Dr. Lal PathLabs (Dr. Lal’s) is the largest and perhaps the best quality diagnostics company in India and yet commands only a low single digit market share. Making small profits by serving a broad section of society is a business model that becomes increasingly difficult to compete against with scale. Dr. Lal’s generates healthy returns, which can enable it to grow for a long time without the need for external funding. Like financial services, diagnostics services can be quite accident-prone. Quality and conservatism are the key ingredients for success – attributes we see in the culture at Dr. Lal’s. The founders professionalized the company at an early stage of its evolution, further underscoring the quality of the institution. Dr. Lal’s is a top 10 holding in the fund.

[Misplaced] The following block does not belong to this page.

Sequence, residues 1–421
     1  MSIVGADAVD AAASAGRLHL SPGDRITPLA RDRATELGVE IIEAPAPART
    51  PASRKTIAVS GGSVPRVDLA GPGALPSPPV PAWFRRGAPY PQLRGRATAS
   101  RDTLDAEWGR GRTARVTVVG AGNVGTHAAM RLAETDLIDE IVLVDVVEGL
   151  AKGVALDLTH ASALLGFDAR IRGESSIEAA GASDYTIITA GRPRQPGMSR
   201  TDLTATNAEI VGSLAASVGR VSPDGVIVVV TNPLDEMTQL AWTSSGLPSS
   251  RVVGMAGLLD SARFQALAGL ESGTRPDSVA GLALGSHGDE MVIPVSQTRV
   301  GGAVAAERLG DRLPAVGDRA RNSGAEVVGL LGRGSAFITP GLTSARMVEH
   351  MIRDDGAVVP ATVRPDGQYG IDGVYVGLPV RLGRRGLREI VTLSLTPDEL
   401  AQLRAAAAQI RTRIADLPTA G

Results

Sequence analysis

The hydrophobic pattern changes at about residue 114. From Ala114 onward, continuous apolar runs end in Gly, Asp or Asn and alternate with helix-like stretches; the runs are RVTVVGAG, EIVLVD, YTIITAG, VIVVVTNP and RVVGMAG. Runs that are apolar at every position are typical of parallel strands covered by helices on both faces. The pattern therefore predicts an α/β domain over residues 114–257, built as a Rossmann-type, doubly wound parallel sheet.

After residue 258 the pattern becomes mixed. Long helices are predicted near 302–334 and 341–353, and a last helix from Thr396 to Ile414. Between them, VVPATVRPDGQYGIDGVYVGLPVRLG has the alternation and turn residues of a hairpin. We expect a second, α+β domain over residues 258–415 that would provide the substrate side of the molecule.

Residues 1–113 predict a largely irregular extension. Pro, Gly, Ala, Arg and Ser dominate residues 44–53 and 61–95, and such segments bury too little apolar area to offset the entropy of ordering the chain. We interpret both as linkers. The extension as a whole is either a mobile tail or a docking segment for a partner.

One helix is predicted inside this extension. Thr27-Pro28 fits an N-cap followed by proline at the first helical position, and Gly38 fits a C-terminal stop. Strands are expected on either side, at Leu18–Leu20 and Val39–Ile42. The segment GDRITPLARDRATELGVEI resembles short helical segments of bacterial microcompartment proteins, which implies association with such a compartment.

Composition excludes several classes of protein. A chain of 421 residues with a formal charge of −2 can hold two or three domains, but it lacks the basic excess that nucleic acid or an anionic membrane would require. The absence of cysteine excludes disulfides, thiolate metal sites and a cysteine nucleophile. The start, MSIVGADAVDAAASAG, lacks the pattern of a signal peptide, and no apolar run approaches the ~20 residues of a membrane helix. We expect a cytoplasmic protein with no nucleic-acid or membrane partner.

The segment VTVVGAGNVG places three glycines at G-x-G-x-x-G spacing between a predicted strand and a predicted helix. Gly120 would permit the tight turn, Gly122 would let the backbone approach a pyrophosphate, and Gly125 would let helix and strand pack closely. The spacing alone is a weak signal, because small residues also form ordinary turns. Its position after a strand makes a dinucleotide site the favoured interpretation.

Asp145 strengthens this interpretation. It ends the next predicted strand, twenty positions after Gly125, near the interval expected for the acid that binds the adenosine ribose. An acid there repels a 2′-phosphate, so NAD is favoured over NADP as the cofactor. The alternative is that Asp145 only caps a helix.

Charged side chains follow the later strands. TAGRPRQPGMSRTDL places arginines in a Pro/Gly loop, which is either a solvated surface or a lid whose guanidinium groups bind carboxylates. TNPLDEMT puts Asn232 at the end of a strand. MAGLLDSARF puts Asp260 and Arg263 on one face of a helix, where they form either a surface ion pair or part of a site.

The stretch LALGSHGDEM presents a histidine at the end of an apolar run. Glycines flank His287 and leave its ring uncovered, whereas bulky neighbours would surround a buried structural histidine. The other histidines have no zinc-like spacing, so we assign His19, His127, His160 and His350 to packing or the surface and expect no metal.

|No. of patients served (millions)||No. of test (millions)||Profit per patient (USD)||Profit per test (USD)||Return on equity*|
These figures refer to the past. Past performance is not a reliable indicator of future results.
Source: Stewart Investors Company Research, Annual Reports of Dr. Lal’s PathLabs
* Please refer to footnote 3
Following quality individuals (stewards) is one of the features of our investment process. Mr. Vellayan Subbiah, who successfully led the turnaround of troubled lender Chola Finance, became CEO of Tube Investments (TI) in 2017. We are excited at the prospect of TI evolving into a successful industrial conglomerate. We believe such structures could flourish in India, as they have in North America and Europe, because: